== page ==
CPSC Approves Lower Lead Limit for Children's Products, but Divided Commission Faces Hurdles
The U.S. Consumer Product Safety Commission (CPSC) recently adopted a new standard that reduces the amount of lead allowed in children's products, providing a clear health benefit to American families. In voting July 13 to implement the lowest limit prescribed by statute, the 3-2 majority drew hostile objections from minority members. Such clashes are familiar to CPSC and could have implications for product safety in the future.
The Consumer Product Safety Improvement Act (CPSIA), enacted in 2008 in response to the recall of millions of toys and products, set new limits for the total lead content in children's products. The CPSIA required the commission to decrease the maximum amount of lead in children's products in phases between February 2009 and August 2011. By statute, the CPSC is required to lower the lead content limit to 100 parts per million (ppm) unless the commission determines that the limit is not technologically feasible. Beginning Aug. 14, manufacturers, importers, retailers, and distributors of products designed or intended primarily for children 12 and younger must comply with the new limit. The commission agreed, however, to hold off enforcing a third-party testing requirement for total lead content until the end of 2011.
Decades of research has shown that ingestion of lead, even at extremely low levels, can cause severe developmental delays in children, especially those under the age of six, as well as myriad other health problems. In 2006 and 2007, a rash of lead-contaminated toys and jewelry designed for children plagued the marketplace, prompting multiple product recalls.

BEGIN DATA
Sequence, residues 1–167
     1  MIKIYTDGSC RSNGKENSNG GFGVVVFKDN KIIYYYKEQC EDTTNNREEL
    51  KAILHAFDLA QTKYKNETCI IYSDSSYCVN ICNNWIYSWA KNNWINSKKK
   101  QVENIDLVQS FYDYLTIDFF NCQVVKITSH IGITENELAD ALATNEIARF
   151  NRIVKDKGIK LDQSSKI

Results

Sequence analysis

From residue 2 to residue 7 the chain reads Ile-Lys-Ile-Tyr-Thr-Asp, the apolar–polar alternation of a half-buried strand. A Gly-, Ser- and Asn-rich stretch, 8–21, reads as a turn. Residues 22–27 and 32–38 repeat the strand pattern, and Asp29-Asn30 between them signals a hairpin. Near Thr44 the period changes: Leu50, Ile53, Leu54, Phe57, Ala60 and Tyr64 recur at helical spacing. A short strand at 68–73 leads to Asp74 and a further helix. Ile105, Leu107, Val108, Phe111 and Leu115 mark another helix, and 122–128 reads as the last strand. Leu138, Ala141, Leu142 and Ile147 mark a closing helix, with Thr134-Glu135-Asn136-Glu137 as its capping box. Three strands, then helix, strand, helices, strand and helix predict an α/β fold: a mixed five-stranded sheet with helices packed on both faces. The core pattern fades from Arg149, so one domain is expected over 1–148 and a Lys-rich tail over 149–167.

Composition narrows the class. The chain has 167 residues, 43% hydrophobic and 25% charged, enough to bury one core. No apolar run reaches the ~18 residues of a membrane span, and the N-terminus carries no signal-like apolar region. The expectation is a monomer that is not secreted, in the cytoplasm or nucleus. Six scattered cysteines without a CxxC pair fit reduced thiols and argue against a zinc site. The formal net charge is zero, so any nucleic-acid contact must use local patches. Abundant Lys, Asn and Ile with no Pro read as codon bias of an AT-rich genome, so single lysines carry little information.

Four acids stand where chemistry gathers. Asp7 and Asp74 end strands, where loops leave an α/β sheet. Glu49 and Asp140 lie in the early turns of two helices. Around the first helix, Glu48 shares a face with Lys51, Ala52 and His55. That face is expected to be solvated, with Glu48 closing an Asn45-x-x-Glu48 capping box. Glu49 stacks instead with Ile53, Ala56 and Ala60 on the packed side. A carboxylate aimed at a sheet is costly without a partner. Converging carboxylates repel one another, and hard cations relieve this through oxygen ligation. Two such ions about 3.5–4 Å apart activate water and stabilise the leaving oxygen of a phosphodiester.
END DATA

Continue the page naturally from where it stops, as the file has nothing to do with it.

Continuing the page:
Commissioners Nancy Nord and Anne Northup opposed the lower limit, but Chairman Inez Tenenbaum declared the CPSIA orders the CPSC to implement the lower limit if the statutory definition of technological feasibility is satisfied. Staff research identified products in the marketplace that are already in compliance with the 100 ppm limit, demonstrating that technologies and strategies exist to help manufacturers achieve the standard.
Tenenbaum commended the commission for fulfilling its statutory duty and protecting children from lead exposure. Because of the lower lead limit and "other protective provisions of the CPSIA," she said, "parents can have confidence that we should not have a repeat of the leaded toy scares of years past."
Though the commission was successful in developing the new lead standard, CPSC commissioners have struggled to carry out Congress's mandates, often citing problems with the underlying legislation. The Democratic commissioners have shown support for legislation that would provide more flexibility to the CPSC, such as allowing existing products to stay on the market past the August effective date. They emphasize, however, that such amendments must not override the mandate to significantly and adequately limit child lead exposure. Meanwhile, Nord and Northup, both highly critical of the CPSIA, continue to push an agenda that includes legislatively lowering the age range for determining what constitutes children's products and eliminating third-party testing and certification requirements in many cases.
Although the CPSC is making progress in executing the requirements of the CPSIA, future implementation of the law remains uncertain. The debate over allowing exemptions and enforcement stays for products or product categories will continue. Some of the commission's own members echo sentiments of the anti-regulatory community, focusing exclusively on the costs of regulations while ignoring or downplaying their health, safety, and quality-of-life benefits. In addition, funding cuts and legislation aimed at "fixing" the CPSIA could significantly impact the commission's authority and ability to act.
Product safety advocates assert that any changes to the CPSIA should not weaken CPSC's role in protecting families from dangerous products. Clear authority to develop such safeguards is necessary to prevent faulty cribs, toxic toys, and other hazardous items from reaching consumers.